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Review: iPod gets its game on

By Marc Saltzman
Gannett News Service
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Not content with its 75 percent share of the digital music device market in the United States, Apple Computer Inc. has morphed its wildly popular iPod into a pocket-sized photo album, podcast player and video viewer.

And now the Cupertino, California-based tech company has unveiled its latest plan to stay on top: iPod games.

iPod owners with any fifth-generation (video) player -- which sells for $249 (30-gigabyte version) or $349 (80-gigabyte version) -- can now download nine games from the iTunes store for $4.99 apiece, which can then be synched to the iPod to take on the go. You must first download and install the latest iTunes 7 software for Microsoft Windows or Apple Macintosh computers.

Titles include some well-known classics and some not-so-familiar games: "Tetris," "Zuma," "Texas Hold'em," "Mahjong," "Mini Golf," "Pac-Man," "Cubis 2," "Bejeweled" and "Vortex."

Many games let you pause your progress and offer the option to see the time and battery level in the top corners of the 2.5-inch screen.

The following is a look at three of the new offerings to see how they stack on up on the iPod:

'Pac-Man'

Already one of the most popular cellphone downloads of the year, "Pac-Man" has chomped its way to the iPod.

This new version is a faithful reproduction of the classic '80s arcade game, where you control a little yellow, er, Pac-Man, who must eat dots and fruits while evading colored ghosts. When you devour one of the four larger power pellets, the chase is reversed and you have a limited time to gobble up the ghosts for extra points.

All 256 levels are included in this handheld version, as are the entertaining "coffee break" animations that serve as intermissions between every few levels.

Controlling the speedy Pac-Man takes some time to get used to using the iPod's click wheel, however. You must gently tap -- not press -- one of the four directions to guide the hungry hero's path to success.

'Mini Golf'

Golf lovers on the go can take a swing with a sporty new digital diversion on their iPod.

Electronic Arts' "Mini Golf" lets you putt your way through three courses loaded with obstacles, traps and secret shortcuts. At the start of the game, the 18-hole Tommy Totem's Tiki Putt Putt course is available, complete with lava pits, obscuring palm trees and creatures that pop out to block your shot.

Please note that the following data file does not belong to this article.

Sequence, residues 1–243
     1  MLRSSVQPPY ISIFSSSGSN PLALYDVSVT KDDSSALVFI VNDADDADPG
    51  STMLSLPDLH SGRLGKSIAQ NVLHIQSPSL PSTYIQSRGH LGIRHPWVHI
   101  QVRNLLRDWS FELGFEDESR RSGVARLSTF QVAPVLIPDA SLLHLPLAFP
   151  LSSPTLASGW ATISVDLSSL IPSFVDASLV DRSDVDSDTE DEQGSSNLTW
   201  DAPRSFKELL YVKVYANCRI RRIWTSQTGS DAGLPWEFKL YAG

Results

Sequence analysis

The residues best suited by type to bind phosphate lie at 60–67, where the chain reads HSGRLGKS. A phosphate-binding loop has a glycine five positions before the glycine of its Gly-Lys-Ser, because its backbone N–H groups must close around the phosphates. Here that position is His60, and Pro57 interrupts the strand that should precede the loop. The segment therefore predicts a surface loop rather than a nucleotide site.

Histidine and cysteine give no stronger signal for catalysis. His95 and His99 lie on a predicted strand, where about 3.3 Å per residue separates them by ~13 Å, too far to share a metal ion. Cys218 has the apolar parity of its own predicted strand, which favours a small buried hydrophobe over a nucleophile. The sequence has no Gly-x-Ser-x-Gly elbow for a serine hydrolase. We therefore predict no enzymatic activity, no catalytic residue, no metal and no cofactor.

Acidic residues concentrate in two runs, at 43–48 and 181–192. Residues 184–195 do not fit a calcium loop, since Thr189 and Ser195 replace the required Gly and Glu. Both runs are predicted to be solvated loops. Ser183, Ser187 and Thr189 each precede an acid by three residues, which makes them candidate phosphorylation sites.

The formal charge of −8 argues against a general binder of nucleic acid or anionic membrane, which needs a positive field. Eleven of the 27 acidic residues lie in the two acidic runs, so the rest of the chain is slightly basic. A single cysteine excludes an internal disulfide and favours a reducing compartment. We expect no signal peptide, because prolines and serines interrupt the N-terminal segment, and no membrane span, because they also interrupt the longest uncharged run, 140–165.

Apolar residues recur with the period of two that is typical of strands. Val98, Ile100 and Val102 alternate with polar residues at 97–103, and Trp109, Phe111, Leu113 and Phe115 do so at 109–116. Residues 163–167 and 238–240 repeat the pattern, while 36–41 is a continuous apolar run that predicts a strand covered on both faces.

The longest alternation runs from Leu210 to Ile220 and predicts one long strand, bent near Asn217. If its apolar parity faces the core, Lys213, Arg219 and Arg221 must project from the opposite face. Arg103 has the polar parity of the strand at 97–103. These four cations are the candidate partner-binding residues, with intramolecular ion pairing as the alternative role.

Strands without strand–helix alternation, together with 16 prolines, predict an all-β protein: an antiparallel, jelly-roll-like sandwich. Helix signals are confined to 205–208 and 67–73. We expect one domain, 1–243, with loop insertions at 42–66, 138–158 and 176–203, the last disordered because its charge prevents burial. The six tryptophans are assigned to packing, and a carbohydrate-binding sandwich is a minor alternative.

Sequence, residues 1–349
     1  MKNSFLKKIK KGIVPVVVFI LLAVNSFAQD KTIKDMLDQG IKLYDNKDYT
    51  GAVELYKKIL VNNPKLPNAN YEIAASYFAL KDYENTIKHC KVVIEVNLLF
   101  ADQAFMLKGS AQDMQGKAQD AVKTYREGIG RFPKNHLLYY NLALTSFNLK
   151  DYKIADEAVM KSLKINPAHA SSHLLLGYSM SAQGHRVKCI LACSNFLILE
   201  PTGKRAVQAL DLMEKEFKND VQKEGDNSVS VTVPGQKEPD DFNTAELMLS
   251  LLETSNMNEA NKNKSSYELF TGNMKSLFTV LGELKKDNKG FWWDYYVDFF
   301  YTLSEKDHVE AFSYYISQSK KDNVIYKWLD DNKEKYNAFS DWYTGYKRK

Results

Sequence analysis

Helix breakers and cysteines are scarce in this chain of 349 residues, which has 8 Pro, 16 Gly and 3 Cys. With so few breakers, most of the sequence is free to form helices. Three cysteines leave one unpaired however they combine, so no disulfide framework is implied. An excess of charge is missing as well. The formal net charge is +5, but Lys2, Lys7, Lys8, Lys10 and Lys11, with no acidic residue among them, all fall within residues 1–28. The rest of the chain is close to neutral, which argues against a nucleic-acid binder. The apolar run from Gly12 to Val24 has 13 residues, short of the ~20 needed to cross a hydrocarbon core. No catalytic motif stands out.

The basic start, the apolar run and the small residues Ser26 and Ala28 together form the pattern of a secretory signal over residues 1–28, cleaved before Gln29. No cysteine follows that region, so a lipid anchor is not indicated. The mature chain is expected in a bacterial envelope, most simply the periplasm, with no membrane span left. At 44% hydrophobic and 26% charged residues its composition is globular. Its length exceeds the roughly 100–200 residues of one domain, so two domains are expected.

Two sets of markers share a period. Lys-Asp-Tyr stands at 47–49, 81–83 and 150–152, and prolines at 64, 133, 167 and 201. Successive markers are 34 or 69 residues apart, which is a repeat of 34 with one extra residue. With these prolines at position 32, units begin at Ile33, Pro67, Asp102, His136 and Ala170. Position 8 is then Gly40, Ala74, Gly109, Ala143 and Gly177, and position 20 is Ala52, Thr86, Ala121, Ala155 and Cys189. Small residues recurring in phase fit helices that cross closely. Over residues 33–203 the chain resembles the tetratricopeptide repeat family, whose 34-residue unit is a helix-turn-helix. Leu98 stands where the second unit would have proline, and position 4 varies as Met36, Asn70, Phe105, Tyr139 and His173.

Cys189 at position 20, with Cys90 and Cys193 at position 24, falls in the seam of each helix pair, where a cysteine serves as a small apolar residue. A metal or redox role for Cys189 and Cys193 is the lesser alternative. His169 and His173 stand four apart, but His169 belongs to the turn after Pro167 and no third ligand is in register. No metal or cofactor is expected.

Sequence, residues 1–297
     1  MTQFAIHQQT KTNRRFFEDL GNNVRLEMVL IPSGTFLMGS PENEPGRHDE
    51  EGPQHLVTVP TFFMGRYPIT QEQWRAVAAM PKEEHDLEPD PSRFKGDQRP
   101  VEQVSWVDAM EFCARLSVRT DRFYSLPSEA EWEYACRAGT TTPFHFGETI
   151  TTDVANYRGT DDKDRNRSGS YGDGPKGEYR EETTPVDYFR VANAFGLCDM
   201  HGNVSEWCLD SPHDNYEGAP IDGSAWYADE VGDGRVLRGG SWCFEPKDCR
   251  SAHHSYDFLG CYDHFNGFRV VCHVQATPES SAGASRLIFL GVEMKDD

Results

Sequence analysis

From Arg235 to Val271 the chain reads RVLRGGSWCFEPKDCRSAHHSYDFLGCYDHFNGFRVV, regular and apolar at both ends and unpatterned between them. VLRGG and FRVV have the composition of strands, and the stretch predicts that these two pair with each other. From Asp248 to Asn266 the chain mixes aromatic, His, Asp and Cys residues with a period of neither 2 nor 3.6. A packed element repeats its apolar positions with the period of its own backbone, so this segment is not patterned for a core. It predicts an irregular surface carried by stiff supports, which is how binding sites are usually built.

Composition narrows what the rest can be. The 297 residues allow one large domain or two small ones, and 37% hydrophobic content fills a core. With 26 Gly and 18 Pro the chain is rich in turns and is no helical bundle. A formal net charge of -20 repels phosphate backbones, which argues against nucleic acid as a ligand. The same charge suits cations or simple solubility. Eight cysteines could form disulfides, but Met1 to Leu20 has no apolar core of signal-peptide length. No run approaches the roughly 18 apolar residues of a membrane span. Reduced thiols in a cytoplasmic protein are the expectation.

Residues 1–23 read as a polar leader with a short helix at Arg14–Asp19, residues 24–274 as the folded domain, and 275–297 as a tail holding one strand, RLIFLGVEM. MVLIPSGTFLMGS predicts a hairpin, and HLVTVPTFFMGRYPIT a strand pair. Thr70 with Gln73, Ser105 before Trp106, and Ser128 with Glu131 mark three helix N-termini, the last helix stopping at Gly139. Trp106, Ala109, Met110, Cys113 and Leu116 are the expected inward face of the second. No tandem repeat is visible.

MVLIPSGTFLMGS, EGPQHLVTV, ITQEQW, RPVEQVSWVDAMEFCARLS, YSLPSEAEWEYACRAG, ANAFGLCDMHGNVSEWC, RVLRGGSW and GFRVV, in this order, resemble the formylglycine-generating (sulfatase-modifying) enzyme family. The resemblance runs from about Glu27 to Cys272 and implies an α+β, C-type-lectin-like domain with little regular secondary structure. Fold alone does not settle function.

If you can shoot under par you can unlock the first of two additional courses: Ancient Egypt and Freaky Circus Sideshow.

As a bonus, players can also engage in a "Pass n' Play" multiplayer mode, where two gamers can take turns putting off at a hole to see who can achieve a lower score. The game also offers a Practice mode for newbie players.

Because the game isn't as fast-paced as "Pac-Man," controlling the game is a lot easier using the touch-sensitive iPod click wheel. Simply choose where you want to stand for your shot, use the dotted aiming beam to line up the putt and then choose the amount of desired power for the shot.

'Zuma'

Along with its "Bejeweled" puzzler, PopCap Games' "Zuma" has become one of the most talked-about casual games in cyberspace.

In "Zuma" you control a stone frog which shoots colored balls out of his mouth and onto a long string of multicolored balls that snake out onto the screen. The balls follow a specific path, which varies from level to level, and ends inside a gold skull. Your goal is to aim and shoot the ball so that it touches same-colored balls (example: blue with blue); when three or more touch -- one of which must be your ball -- they explode and disappear. The goal is to clear the entire chain before it makes its way into the skull.

Using the iPod's click wheel you rotate the frog around before pressing the center Select button to fire the ball. If you don't want the color held by the frog, you can swap it with the one on his back by pressing the FFWD or Rewind button.

You also can shoot gold coins for extra points and create combos by chaining successful moves together. Power-ups also exist, which can help in one of a few areas: roll the balls backward to give you more time; explode a portion of the chain; slow down the path of the balls; or make your shot more accurate by giving you an aiming beam.

Despite longer load times than the other titles in this roundup, "Zuma" is easy to play but difficult to put down, and happens to be one of the better picks for the iPod.

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"Pac Man" for the iPod is a faithful reproduction of the classic '80s arcade game.

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